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Alcohol Abuse a Growing Problem for Older Adults

Posted Sep 26 2012 9:00am



The Administration on Aging and The Substance Abuse Mental Health Services Administration issued a brief on Alcohol Misuse and Abuse Prevention. Community surveys have estimated the prevalence of problem drinking among older adults from 1 percent to 16 percent, depending on the definitions of older adults, at-risk and problem drinking, and alcohol abuse/dependence.  

Estimates of alcohol problems are the highest among people seeking health care because individuals with drinking problems are more likely to seek medical care. Fourteen percent of men and 3 percent of women older than age 65 engage in binge drinking.

Misuse and abuse of alcohol in older adults present unique challenges for recognizing the problem and determining the most appropriate treatment interventions. Alcohol use problems in this age group often go unrecognized and, if they are recognized, are generally undertreated. Standard diagnostic criteria for abuse or dependence are difficult to apply to older adults, leading to under-identification of the problem. Older adults who are experiencing substance misuse and abuse are a growing and vulnerable population.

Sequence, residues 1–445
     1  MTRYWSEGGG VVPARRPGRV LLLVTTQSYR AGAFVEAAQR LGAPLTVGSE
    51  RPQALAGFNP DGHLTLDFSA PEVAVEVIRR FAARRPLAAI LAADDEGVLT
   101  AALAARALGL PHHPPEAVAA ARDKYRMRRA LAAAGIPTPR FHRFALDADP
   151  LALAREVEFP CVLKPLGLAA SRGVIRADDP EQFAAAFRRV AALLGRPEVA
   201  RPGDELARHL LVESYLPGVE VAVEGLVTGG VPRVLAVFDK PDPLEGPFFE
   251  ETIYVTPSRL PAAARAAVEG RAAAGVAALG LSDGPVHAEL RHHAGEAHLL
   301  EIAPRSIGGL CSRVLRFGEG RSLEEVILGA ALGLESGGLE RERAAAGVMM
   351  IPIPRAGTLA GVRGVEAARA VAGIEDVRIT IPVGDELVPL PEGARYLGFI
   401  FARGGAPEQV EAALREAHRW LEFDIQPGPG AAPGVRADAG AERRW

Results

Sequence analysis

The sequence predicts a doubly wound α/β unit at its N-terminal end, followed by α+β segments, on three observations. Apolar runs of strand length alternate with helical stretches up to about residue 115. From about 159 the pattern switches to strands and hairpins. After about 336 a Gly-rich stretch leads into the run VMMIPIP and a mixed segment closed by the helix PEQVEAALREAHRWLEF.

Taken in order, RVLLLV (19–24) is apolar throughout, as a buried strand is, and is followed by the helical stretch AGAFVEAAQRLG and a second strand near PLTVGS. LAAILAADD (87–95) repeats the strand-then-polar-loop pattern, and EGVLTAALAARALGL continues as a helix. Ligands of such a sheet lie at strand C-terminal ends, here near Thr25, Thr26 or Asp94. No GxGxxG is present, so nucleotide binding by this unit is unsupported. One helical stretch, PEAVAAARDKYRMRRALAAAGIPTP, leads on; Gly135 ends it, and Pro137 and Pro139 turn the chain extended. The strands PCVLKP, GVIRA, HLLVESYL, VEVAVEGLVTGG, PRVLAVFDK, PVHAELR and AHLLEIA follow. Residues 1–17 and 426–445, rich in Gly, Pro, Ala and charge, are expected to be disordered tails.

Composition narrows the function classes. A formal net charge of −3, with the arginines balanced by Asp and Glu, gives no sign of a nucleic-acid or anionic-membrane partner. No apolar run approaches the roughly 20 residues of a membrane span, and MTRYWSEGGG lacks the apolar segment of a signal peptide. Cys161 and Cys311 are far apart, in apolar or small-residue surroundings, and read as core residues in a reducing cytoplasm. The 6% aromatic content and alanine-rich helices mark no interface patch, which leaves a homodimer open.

For adults ages 60 and older the recommended limits of alcohol consumption are:
  • Men: No more than 7 drinks/week, or 1 standard drink/day;
  • Women: No more than 7 drinks/week, or 1 standard drink/day;

    Binge drinking:
  • SBIRT is a comprehensive model for addressing at-risk alcohol use, problem use, and dependence in a variety of health care settings.  
    • Screening quickly assesses the severity of substance use and identifies the appropriate level of intervention.
       
    • Brief interventions focus on increasing insight into and awareness of substance use and motivation for behavioral change.
       
    • Referral to treatment provides access to specialty substance abuse assessment and care, if needed.

    According to the brief, the majority of older adults who are at risk for problem alcohol use, psychoactive prescription medication use, or both do not need formal specialized substance abuse treatment. However, many can benefit from prevention messages, screening, and brief interventions.

    The first step in helping older adults who are at-risk for problems related to alcohol use is screening. The most useful alcohol screening instruments include questions on quantity/ frequency and binge drinking to determine an estimate of the amounts consumed, and consequences to determine the extent and severity of the problems. 

    While this brief was certainly written for health professionals and social service professionals, nonetheless, it is important to know that substance abuse among older adults is real and knowing the acceptable limits of consumption can help you identify someone at risk. That is the first step in getting that person help.

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